‘Chico And Rita’: A Love Story With A Latin Groove
Filed by KOSU News in Art & Life.
February 13, 2012
Fernando Trueba, whose film Belle Epoque won the Oscar for Best Foreign Language Film in 1993, will be back at the Academy Awards this year; his film Chico and Rita, a love story about a Cuban pianist and singer, is up for a statue in the Animated Feature category.
Trueba says animation has some of the qualities that classic old movies had — “a more concise, more synthetical way of storytelling.”
“Today, movies, they are violently realistic,” Trueba tells Weekend Edition Saturday host Scott Simon. “Most of the time, modern directors are obsessed with making fiction who looks like documentary. Sometimes, it’s very well done, but I think it’s kind of a waste of time, because fiction must be something else. But I think most people are afraid of telling stories. And they are afraid of the audience not buying them, not believing them.”
In the story of Chico and Rita, Chico is the hottest piano player in the already hot music scene of 1948 Havana, and Rita is the sultriest singer. Trueba says these two characters weren’t based on anyone specific, but were amalgams of people he knew.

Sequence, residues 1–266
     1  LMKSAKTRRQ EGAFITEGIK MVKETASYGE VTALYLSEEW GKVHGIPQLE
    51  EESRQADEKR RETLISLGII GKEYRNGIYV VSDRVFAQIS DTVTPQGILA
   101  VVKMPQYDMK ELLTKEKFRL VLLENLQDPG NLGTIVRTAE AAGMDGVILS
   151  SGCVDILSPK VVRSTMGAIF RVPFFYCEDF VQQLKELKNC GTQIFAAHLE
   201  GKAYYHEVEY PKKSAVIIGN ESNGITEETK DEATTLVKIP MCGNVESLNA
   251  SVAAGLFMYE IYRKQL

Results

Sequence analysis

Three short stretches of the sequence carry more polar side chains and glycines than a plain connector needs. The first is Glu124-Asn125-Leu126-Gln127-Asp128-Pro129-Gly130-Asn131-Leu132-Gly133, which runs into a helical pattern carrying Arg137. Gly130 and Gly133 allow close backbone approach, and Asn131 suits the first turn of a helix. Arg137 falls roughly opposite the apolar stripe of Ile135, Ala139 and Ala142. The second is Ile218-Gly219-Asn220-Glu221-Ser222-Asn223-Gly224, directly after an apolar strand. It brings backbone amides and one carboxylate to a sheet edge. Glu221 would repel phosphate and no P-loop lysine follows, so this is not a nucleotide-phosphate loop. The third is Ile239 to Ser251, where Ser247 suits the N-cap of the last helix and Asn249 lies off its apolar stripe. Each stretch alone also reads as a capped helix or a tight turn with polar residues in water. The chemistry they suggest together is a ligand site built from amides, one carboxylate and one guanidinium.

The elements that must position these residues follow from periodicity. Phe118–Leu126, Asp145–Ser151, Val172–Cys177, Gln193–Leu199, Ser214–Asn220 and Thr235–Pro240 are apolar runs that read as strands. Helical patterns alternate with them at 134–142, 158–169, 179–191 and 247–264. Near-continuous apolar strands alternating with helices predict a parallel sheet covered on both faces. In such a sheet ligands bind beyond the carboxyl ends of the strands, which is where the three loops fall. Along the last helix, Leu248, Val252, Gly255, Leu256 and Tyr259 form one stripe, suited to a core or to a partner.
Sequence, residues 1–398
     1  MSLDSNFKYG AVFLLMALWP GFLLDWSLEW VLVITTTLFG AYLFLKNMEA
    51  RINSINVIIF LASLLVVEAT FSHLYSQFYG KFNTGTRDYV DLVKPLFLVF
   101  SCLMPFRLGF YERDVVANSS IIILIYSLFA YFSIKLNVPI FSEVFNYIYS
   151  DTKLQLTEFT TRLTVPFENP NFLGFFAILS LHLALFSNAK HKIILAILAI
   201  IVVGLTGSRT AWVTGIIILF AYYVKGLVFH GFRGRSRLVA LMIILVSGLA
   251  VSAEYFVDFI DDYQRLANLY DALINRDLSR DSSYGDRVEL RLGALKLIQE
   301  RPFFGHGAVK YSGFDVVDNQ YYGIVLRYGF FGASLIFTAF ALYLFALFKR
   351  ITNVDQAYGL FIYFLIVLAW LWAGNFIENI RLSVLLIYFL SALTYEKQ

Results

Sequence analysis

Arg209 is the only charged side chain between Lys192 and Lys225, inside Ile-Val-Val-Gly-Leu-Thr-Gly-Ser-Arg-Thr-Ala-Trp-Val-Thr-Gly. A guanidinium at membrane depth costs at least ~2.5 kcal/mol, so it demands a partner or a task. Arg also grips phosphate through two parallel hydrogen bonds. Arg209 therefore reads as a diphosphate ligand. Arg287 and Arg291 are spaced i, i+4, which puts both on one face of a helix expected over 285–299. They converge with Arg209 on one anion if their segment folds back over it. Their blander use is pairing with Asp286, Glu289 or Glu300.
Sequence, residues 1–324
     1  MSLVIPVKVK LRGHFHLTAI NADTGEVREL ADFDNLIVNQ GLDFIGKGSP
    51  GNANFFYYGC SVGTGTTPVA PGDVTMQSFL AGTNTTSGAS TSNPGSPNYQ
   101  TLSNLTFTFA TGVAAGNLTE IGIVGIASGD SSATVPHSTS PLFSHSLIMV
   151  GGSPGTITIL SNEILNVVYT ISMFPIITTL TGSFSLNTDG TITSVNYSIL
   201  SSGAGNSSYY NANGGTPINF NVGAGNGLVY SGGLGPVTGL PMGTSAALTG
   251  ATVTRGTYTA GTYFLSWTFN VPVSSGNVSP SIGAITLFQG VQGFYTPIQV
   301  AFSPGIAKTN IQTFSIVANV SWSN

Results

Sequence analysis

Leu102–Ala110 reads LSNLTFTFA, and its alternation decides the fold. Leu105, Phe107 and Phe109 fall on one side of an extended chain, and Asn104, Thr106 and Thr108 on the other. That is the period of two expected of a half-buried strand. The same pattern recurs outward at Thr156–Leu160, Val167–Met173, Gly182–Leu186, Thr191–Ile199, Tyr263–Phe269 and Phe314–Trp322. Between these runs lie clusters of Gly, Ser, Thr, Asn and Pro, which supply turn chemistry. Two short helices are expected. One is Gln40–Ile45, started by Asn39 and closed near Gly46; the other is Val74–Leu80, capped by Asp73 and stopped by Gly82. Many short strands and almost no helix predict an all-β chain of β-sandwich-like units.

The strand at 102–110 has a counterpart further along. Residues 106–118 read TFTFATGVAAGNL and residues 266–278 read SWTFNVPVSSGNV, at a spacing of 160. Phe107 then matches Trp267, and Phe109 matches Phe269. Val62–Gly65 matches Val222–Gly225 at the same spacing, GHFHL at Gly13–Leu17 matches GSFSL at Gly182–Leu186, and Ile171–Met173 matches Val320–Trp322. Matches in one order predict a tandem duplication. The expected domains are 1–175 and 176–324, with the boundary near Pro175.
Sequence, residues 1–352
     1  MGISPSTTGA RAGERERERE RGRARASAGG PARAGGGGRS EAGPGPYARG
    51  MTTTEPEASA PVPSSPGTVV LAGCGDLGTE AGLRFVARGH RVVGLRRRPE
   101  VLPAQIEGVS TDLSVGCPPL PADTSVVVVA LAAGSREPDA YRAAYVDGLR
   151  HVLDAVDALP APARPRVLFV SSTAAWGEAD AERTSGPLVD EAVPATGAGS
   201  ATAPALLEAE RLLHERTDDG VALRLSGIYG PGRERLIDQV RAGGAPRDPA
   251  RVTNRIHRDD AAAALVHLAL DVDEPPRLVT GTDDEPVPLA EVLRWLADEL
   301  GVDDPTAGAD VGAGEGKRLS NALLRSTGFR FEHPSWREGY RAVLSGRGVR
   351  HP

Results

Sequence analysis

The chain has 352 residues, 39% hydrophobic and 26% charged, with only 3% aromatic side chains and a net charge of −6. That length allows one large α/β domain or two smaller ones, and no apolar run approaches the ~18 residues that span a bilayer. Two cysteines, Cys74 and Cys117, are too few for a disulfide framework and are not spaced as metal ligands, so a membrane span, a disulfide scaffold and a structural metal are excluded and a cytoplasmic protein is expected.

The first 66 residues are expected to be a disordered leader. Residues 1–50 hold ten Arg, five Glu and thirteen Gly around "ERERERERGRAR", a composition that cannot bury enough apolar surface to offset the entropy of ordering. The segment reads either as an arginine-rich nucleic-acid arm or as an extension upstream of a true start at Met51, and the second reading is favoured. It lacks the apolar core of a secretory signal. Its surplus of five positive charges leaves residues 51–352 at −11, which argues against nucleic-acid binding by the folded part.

“In my life, I became friends with many, many Cuban people and most of them [are] these things,” Trueba says. “And I know their stories, their lives, so many anecdotes, that Chico in some ways has grown from many, many of them.”
The film opens with Chico as an old man, flinging open the shutters of his small, stale apartment overlooking the Havana docks. As he hears an old song on the radio, he move his fingers over the windowsill as if playing along. It turns out to be his song “In Always,” and a reflection on his life and loves lost.
“My partner, [co-director Javier Mariscal], who is the artist in the movie, the man who designed everything … told me when we were really starting, ‘I would like this movie to be like bolero,’ ” Trueba says, referencing the Latin ballad.
Chico and Rita’s story opens in Havana, as both their music and their love are flowering, but when they move to New York to build their music careers, they begin to lose hold of each other.
“Boleros are always very tragic, no?” Trueba says. “It’s always losing your love and getting together again or losing it again. So, we try to give the movie this song structure of the bolero, no? And to use all the conventions, the sentimental, tragic center of the bolero to the movie, no? So, that’s why Chico and Rita are always losing each other.”
The relationship continues over 50 years, which Trueba acknowledges may seem a stretch. And yet:
“I think that is part of the bolero style, no? Bolero is always exaggerating the feelings, no?” Trueba says. “The sadness, the happiness, everything, making it bigger than life.” [Copyright 2012 National Public Radio]